Every day for five years he has come to his office in the House of Martyrs in the center of Behesht-e Zahra, Tehran's vast cemetery, to fall under death's spell. The job pays the equivalent of $45 a month. Still, Hamid feels privileged. "I came here to work because my friends are buried here," he said. "They told me that if they died I must follow their path. The Koran says, 'Those who die for God are martyrs, and the martyrs never die. They live forever."'

Hamid is a Shiite, and he fervently believes in the Shiite version of history, its lore and its rituals. Ayatollah Khomeini had told the Hamids of Iran that martyrdom was a perfect death, and they believed him. If they couldn't die, at least they could keep that spirit alive.

So every year, in speeches, passion plays, and processions of penance, the Shiites of Iran celebrate the ten days in which Hosein, the grandson of the Prophet Mohammad, defended his family and followers at the battle of Karbala. Every year for centuries on the anniversary of Hosein's death, men and boys like Hamid have flagellated themselves with chains and beat themselves over the head. Those at the front of the procession dress themselves in white burial shrouds and chant the story of the slaughter. In 1640, a Turkish traveler to Iran described the ceremony: "Hundreds of Hosein's devotees beat and wounded their heads, faces, and bodies with swords and knives. For the love of Imam Hosein they make their blood flow. The green grassy field becomes bloodied and looks like a field of poppies."

Under the Islamic Republic, however, the practice has come to resemble an officially condoned carnival as much as an act of religious mortification. The ceremonies are organized through neighborhood congregations called hey-ats and for nights beforehand participants practice their walk, their rhythm, and their chain-beating. They learn a trick to halt the movement of the chains and soften the blows. They take their practicing seriously, and since it is all in the name of religion, their wives can hardly complain. In fact, in recent years women and girls have tagged along to march and watch the spectacle -- and even party.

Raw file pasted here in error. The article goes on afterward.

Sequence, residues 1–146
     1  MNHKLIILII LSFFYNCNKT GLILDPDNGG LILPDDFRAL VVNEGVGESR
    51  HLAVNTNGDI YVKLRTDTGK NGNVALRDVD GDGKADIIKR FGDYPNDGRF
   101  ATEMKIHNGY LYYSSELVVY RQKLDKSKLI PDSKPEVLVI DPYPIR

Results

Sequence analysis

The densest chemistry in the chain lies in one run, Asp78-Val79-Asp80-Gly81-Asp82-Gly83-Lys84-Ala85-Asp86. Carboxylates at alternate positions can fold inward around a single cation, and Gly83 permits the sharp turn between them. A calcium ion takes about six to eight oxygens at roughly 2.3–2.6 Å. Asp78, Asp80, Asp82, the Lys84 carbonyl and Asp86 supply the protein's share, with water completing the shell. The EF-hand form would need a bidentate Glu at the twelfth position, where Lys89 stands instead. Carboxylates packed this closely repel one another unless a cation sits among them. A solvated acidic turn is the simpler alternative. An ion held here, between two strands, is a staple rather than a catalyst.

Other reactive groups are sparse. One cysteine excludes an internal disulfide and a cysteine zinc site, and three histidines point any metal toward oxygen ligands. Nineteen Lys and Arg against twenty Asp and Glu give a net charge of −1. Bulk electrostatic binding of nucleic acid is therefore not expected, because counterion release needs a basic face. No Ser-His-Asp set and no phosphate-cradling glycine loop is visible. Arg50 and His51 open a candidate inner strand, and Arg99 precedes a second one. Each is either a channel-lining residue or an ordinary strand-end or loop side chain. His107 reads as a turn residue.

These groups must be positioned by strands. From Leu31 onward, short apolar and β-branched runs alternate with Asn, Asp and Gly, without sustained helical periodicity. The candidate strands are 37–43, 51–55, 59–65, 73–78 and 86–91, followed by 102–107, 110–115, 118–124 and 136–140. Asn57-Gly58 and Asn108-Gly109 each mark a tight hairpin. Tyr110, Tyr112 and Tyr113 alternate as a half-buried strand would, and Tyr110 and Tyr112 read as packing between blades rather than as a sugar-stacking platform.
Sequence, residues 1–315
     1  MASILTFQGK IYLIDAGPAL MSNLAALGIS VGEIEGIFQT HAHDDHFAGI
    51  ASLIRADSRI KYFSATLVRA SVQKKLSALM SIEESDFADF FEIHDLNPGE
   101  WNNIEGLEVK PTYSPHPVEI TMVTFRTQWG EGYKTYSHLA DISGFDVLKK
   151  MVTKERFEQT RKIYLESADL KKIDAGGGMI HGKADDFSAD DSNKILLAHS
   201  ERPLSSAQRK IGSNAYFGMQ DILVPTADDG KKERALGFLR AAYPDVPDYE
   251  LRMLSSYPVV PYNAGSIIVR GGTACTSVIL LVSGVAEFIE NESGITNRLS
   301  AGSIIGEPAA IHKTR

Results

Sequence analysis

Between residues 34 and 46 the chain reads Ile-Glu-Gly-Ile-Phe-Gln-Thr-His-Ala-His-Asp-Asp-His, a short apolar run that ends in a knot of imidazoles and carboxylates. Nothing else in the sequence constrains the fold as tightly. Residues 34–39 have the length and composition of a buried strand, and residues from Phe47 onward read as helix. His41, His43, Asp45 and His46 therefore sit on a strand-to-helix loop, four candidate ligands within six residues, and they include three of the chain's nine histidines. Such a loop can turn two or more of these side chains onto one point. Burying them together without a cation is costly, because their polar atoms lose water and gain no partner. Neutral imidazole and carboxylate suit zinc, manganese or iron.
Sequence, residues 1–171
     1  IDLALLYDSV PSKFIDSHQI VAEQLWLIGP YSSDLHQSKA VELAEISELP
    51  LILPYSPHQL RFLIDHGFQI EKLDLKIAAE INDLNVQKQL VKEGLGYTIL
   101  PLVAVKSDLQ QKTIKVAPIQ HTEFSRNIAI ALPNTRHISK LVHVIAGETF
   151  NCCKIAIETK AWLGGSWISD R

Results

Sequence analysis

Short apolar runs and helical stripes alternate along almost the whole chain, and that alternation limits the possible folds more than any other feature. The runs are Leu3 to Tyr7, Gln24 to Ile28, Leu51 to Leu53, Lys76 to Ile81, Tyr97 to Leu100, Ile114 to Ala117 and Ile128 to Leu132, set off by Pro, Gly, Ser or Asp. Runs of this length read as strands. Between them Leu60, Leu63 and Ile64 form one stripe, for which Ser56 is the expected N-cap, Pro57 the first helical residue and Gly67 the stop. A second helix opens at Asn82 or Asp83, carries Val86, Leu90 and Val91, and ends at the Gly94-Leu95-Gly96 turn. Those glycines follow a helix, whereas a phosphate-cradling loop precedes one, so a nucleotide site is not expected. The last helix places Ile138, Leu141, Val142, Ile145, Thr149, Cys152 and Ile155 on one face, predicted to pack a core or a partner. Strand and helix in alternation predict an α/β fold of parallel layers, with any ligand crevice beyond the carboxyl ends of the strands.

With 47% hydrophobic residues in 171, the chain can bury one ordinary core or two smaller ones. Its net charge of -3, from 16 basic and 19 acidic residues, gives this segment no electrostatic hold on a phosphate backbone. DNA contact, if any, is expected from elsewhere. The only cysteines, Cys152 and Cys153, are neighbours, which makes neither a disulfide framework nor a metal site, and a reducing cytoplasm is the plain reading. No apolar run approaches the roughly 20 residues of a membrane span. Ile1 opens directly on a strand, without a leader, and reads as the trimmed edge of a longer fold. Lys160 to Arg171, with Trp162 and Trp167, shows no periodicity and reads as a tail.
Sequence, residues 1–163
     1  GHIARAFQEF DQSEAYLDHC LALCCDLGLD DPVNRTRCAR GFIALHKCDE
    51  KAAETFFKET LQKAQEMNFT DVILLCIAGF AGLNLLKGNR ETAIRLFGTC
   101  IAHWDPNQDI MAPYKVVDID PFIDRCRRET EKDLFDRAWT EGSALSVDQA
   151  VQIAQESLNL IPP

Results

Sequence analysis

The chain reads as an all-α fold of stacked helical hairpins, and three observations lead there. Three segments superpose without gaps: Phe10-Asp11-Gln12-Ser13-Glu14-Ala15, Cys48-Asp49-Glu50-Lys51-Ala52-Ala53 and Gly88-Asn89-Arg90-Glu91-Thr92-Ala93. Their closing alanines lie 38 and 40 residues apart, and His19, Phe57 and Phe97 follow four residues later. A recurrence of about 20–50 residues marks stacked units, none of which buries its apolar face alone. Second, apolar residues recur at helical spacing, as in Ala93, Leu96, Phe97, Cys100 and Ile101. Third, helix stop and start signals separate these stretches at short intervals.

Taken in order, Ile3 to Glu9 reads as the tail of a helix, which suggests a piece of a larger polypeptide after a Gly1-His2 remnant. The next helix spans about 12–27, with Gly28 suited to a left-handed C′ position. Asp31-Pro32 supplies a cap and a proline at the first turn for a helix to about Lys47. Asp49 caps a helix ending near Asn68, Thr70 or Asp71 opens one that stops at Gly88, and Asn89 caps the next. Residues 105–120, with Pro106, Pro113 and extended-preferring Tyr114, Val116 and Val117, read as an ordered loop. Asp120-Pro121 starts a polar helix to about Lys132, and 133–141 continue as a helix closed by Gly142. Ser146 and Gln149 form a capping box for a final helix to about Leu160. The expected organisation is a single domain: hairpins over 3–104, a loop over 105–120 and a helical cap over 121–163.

MORE ...

See another excerpt from Persian Mirrors, by Elaine Sciolino:

Iran Is Fighting Seventh-Century Battles in the Twenty-First Century

"It was not surprising that in Khomeini's war against Iraq in the 1980s, Iranian fighters dreamed of redeeming the martyrdom of Ali and Hosein in that same land thirteen centuries before."

For Shiites, the battle of Karbala is the equivalent of the passion and crucifixion of Jesus, the self-flagellation reminiscent of the medieval practice of self-mutilation, carrying of the Cross, and physical deprivation that survives in parts of the Christian world today. In recent years during Moharram, the month of mourning, Iran's authorities tried to ban the most excessive ritual in which worshippers shave their heads and carve them open with swords. As Ayatollah Khamenei said in denouncing the ritual in 1999, it "gives the impression that Shiite Muslims are superstitious and irrational."